Most Virginia news media duly reported the release of the latest Standards of Learning (SOL) data showing the biggest collapse in pass rates in the history of the SOLs. Most accepted the Northam administration’s spin that the decline was due mainly to COVID-19-related disruptions, and that Virginians should not read too much into the results. Then the media dropped the story. K-12 news coverage moved on to other topics such as the shortage of teachers and bus drivers. (The Washington Post did not deem the SOL story worthy of coverage of any kind.)
You’d think that a collapse of the magnitude seen in the 2020-21 school year — 46% of all students failed to pass their math SOLs — would generate greater interest. You’d think widening racial gap in educational achievement – 66% of Black students failed their math exams – would prompt more scrutiny. Perhaps if the governor were a Republican, the media would be more interested in exploring the story.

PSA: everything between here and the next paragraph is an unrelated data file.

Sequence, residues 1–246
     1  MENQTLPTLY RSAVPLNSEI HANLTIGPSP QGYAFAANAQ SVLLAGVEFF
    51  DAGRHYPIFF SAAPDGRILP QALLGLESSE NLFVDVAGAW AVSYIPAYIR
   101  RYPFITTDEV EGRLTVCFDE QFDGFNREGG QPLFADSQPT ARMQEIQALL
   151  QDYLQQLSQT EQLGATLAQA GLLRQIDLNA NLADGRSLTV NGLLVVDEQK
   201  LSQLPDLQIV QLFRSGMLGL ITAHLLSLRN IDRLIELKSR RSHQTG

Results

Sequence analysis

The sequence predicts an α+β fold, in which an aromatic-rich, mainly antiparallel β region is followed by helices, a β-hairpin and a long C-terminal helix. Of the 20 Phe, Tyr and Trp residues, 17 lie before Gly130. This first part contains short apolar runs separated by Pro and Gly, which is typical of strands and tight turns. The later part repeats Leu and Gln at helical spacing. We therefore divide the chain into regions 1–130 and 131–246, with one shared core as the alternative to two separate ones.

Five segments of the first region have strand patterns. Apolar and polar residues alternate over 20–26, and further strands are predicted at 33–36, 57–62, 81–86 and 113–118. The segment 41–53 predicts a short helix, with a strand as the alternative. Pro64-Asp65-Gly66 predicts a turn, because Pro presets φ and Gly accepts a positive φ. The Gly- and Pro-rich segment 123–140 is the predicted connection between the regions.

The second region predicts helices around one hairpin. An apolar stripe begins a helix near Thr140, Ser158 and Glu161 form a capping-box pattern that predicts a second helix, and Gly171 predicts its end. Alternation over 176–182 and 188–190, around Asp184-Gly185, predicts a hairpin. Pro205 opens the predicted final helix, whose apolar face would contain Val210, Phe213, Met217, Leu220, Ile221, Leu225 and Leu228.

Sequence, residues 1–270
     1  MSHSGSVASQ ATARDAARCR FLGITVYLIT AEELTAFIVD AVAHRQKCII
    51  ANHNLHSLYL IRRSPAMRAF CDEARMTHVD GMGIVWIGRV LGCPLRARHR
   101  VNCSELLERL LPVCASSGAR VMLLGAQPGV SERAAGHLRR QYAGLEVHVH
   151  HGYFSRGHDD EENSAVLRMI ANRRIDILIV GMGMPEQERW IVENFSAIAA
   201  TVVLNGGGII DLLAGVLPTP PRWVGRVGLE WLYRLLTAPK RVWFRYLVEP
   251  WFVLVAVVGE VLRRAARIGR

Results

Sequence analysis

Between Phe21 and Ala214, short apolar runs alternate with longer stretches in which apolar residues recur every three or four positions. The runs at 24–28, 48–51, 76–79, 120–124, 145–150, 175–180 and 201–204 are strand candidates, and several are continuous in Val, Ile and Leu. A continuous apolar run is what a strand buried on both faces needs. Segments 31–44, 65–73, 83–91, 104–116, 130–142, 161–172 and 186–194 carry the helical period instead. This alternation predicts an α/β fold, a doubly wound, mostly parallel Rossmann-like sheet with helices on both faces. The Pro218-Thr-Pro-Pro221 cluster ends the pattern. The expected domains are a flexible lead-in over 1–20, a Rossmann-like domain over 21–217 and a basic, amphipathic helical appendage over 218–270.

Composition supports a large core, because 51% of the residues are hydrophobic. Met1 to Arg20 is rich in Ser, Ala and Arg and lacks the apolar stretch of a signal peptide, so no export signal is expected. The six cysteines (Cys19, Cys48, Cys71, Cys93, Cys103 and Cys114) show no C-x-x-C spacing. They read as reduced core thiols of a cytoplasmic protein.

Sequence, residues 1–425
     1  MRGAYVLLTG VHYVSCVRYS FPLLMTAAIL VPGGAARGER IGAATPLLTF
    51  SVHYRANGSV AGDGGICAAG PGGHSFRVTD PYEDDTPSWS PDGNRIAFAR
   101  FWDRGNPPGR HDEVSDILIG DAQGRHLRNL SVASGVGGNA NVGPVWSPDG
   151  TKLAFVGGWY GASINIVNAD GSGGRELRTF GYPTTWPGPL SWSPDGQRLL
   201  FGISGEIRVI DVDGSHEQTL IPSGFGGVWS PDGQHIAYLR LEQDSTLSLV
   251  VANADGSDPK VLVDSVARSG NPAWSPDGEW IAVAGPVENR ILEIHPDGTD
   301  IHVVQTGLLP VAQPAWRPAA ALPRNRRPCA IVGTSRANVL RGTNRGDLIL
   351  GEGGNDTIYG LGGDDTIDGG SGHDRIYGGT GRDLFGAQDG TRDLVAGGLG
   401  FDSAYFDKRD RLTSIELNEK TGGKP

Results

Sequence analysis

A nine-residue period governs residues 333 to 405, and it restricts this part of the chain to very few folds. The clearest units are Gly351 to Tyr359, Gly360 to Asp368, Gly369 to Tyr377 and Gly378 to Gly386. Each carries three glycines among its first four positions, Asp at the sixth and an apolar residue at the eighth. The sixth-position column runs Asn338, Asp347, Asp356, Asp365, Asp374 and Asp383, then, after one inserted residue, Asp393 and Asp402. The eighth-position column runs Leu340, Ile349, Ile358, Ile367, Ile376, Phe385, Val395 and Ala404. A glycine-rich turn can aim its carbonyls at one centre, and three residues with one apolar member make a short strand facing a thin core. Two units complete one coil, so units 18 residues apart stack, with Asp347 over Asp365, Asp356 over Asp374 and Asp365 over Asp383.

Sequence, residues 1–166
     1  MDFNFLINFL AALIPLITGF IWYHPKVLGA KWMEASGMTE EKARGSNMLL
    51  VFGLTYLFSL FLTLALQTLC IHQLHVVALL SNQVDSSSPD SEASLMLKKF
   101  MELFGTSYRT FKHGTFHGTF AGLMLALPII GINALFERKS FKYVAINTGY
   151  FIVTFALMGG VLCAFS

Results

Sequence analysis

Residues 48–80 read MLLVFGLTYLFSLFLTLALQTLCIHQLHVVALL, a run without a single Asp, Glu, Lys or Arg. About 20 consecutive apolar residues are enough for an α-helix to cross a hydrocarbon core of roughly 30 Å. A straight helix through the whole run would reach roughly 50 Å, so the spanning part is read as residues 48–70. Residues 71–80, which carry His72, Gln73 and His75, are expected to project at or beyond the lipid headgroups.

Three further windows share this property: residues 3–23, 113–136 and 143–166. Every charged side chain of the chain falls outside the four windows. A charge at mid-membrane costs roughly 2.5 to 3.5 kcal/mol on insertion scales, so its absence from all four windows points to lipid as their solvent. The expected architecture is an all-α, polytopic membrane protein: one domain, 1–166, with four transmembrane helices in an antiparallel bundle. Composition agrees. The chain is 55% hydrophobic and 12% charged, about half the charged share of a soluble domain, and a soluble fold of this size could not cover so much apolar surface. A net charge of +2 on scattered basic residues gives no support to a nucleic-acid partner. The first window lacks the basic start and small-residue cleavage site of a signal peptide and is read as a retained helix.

Whatever the reasons for the media’s lack of interest in the most important K-12 education story of the year, Bacon’s Rebellion is prepared to step in.
Every school district faced the COVID-19 pandemic. Every school district had to make tough choices based on imperfect and evolving information about whether to continue in-person classes, shift to remote learning, or cobble together a hybrid of the two. But in some districts, the decline in SOL performance was far worse than in others. For an analysis of the possible reasons why, please click “Read now.” Hint: In-person instruction matters.